In­creas­ing rev­enue from Van­guard’s hos­pi­tals will be a key part of the “syn­er­gies” Tenet hopes to gain from the ac­qui­si­tion. On the an­a­lyst call, Fet­ter said “a large part of Van­guard’s rev­enue comes from hos­pi­tals that are rel­a­tively new to its sys­tem.” He praised Van­guard’s turn­around abil­i­ties while ar­gu­ing that Tenet will be able to ac­cel­er­ate those ef­forts. Van­guard’s hos­pi­tals will be­come clients for Conifer af­ter the deal’s clos­ing.

Since Van­guard’s man­age­ment and pri­va­tee­quity firm Black­stone Group hold the ma­jor­ity of Van­guard’s shares and there are few over­laps among the two com­pa­nies’ mar­kets, an­a­lysts are fore­cast­ing few ob­sta­cles for the deal. As of March 31, Black­stone held al­most 38% of Van­guard shares, or roughly 29.4 mil­lion.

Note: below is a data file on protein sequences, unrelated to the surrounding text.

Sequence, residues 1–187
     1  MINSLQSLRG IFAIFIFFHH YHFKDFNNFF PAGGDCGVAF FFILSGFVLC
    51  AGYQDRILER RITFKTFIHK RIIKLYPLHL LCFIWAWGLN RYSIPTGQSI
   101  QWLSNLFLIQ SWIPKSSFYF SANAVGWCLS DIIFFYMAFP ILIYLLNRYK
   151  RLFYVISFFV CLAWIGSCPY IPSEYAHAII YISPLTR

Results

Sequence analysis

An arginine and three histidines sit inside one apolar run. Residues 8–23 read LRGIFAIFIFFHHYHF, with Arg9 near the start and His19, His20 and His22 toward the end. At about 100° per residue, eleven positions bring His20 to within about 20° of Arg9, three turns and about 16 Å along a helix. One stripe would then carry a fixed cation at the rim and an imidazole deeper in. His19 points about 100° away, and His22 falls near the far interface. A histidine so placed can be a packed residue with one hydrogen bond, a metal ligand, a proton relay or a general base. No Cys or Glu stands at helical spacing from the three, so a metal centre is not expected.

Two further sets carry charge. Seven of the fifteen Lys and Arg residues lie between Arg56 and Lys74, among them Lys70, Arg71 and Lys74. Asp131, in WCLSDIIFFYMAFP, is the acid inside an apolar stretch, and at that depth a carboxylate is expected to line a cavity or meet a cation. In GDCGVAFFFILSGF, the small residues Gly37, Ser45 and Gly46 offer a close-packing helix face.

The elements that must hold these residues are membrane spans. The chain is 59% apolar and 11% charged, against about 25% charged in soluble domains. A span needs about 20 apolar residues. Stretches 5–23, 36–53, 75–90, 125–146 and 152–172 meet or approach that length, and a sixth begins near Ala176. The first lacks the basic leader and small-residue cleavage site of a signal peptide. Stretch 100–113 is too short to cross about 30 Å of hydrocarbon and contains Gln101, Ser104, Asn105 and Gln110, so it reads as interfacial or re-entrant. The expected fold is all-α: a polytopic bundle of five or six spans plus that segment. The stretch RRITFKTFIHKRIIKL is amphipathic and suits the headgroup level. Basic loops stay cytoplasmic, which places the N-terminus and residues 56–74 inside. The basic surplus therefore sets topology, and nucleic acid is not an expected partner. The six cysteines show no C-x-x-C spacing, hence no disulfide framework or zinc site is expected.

Tenet plans to pay $1.8 bil­lion, or $21 per share, and will as­sume $2.5 bil­lion of debt when it buys Van­guard, which launched its ini­tial pub­lic of­fer­ing two years be­fore this deal’s an­nounce­ment.

Van­guard, founded in 1997, op­er­ates in Arizona, Illi­nois, Michi­gan, Mas­sachusetts and Texas. Tenet, founded in 1967 as National Med­i­cal En­ter­prises be­fore re­brand­ing in 1995, op­er­ates in Cal­i­for­nia, Florida, Ge­or­gia and Texas.

Fet­ter boasted that the Van­guard deal will make Tenet “No. 1 or No. 2 in 19 key mar­kets.”


Van­guard’s IPO priced at $18 in June 2011, and its shares closed at $12.37 on the last trad­ing day be­fore the deal an­nounce­ment. Tenet’s op­er­a­tional ef­fi­ciency is ex­pected to im­prove cash flow at the smaller chain’s hos­pi­tals.